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Sharing is Caring theme announced for Child Safety Week

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Today marks the beginning of Child Safety Week, an annual event organised by Child Accident Prevention Trust (CAPT) to raise awareness of the potential accidents our children face every day, and how they can be prevented.  The theme this year is ‘Sharing is Caring’, and here Andy Munden, Personal Injury Partner, discusses why this was chosen, and reveals the various tips from CAPT on the simple steps we can all be taking to keep our children safe.

Sharing is Caring

CAPT is committed to reducing the number of children and young people killed, disabled or seriously injured in preventable accidents.  The theme of ‘Sharing is Caring’ has been chosen by the charity to encourage people to share their own experiences so that everyone can all learn from them and create a safer environment.  During Child Safety Week this year, CAPT are not only asking people to share experiences surrounding accidents, but also what practical steps they are taking to avoid accidents, whether they occur in or outside the home.

“Accidents are a leading cause of death, serious injury and acquired disability for children and young people in the UK, accounting for three deaths every week and over 2,000 hospital admissions,” begins Andy.  “As most accidents are, by their very nature, preventable, Child Safety Week is crucial in bringing the safety of our children to the front of our minds through education and awareness.” 

How can I keep my child safe in the home?

“We all assume that our children will be safe in their own home, and so they should be,” continues Andy.  “There are however various ways that an accident can happen in the home.  Hot drinks for example, are the main cause of scalds for children under five, and could still scald a baby 15 minutes after it has been made.  Keeping these well out of reach of children and ensuring you do not carry a drink at the same time as a child will prevent an incident of this kind.  The same principle applies to household items such as an iron or hair straighteners, which again can still burn 15 minutes after they are switched off.”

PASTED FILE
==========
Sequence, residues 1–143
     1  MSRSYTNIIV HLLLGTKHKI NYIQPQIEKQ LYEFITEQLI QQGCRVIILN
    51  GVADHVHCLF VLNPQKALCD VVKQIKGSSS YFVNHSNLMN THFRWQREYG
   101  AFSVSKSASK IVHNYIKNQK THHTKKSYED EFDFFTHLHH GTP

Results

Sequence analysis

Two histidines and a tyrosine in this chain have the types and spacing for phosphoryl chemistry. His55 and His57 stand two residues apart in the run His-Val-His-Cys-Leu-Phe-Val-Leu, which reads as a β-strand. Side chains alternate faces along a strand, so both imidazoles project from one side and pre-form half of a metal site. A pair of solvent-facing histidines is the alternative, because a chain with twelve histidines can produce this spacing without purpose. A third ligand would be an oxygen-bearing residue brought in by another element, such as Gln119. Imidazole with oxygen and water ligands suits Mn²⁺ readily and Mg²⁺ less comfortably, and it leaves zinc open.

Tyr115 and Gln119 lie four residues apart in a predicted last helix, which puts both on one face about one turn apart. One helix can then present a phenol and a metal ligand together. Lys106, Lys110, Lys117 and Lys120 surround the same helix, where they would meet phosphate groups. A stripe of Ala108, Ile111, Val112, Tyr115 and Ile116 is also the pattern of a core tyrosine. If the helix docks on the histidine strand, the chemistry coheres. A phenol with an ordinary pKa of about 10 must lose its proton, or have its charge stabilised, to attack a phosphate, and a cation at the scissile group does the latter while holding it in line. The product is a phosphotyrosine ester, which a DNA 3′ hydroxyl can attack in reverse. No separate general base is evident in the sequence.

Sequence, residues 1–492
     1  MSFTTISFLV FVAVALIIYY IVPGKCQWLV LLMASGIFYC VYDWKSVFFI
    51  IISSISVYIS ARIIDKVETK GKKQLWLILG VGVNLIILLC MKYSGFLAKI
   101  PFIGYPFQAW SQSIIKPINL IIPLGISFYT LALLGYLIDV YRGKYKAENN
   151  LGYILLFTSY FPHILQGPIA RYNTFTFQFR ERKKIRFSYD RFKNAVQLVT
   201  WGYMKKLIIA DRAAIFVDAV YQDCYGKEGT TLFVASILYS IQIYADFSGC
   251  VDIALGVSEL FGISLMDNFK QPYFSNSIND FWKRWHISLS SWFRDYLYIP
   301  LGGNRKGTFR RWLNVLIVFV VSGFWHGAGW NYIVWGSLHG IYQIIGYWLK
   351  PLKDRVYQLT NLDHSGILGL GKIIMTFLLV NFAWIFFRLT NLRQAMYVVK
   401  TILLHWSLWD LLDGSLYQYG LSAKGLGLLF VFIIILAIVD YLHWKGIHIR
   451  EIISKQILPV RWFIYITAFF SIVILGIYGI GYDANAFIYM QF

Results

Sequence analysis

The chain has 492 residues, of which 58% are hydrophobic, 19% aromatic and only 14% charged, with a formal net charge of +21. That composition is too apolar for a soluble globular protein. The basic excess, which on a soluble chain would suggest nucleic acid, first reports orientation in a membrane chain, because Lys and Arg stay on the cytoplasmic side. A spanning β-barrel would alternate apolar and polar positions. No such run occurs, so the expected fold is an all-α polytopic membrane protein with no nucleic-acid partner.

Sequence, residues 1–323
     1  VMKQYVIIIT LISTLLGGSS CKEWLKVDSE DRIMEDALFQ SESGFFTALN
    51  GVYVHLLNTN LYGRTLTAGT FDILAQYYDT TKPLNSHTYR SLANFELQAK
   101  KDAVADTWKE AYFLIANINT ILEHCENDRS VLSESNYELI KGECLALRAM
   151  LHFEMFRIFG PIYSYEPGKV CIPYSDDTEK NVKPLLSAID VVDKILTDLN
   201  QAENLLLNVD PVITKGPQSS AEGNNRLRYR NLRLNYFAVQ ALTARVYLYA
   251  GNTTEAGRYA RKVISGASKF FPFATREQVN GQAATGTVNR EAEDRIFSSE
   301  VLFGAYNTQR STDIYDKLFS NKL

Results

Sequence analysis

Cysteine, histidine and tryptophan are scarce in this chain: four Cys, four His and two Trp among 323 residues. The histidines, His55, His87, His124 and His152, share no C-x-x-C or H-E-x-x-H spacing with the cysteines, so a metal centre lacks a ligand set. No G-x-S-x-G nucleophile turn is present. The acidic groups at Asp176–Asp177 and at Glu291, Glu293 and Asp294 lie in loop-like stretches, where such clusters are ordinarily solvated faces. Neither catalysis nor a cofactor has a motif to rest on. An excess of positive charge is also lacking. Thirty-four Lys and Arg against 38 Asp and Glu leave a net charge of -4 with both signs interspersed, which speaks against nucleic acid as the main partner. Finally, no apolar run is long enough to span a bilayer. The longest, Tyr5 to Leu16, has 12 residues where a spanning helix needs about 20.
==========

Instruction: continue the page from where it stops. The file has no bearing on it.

Each day, approximately 45 toddlers are taken into hospital because they have had a serious fall.  “Stairs are one of the most common ways a child will fall, either from their own inexperience or because the person carrying them has fallen,” explains Andy.  “Make sure to always have one hand free if you are carrying a child on the stairs and fit stair gates as soon as your baby starts crawling.”

Other ways a child can fall and cause themselves harm could be from a highchair, window, or cots, beds and changing tables.  To avoid an accident in this way, children should be strapped into their highchair, and furniture should not be up against a window which they could use to climb out.  Safety locks should be fixed onto windows and the amount of space that a window can open should be reduced.